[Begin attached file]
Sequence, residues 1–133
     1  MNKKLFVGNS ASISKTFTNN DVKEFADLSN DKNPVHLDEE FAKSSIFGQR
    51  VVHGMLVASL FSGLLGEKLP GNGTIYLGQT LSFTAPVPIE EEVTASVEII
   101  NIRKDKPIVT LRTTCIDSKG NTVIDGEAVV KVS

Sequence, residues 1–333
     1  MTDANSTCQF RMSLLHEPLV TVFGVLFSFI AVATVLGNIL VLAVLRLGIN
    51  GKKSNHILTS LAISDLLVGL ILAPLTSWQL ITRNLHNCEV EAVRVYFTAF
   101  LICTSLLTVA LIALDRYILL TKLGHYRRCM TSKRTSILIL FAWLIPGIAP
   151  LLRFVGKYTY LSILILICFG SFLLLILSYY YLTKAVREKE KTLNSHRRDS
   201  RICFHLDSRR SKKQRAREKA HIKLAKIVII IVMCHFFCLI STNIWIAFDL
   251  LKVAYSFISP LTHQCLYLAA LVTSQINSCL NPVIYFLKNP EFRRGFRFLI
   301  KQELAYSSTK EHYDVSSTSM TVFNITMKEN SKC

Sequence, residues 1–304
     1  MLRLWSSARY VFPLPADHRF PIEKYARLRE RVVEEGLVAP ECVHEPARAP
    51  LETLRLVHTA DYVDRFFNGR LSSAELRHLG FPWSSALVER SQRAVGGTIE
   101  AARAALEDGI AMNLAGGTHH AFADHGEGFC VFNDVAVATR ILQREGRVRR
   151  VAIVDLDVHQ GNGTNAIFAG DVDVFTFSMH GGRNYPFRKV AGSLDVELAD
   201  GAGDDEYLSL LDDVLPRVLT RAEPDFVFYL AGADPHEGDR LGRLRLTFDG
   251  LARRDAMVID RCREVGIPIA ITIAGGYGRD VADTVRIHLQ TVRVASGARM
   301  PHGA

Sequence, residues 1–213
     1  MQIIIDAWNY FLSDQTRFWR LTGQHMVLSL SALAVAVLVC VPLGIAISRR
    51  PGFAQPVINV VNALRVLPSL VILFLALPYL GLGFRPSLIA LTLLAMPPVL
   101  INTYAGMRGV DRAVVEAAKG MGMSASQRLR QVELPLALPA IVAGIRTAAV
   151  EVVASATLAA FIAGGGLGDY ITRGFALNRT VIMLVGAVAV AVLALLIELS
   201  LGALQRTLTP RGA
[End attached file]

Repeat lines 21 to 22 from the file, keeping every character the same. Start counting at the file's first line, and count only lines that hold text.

Sequence, residues 1–213
     1  MQIIIDAWNY FLSDQTRFWR LTGQHMVLSL SALAVAVLVC VPLGIAISRR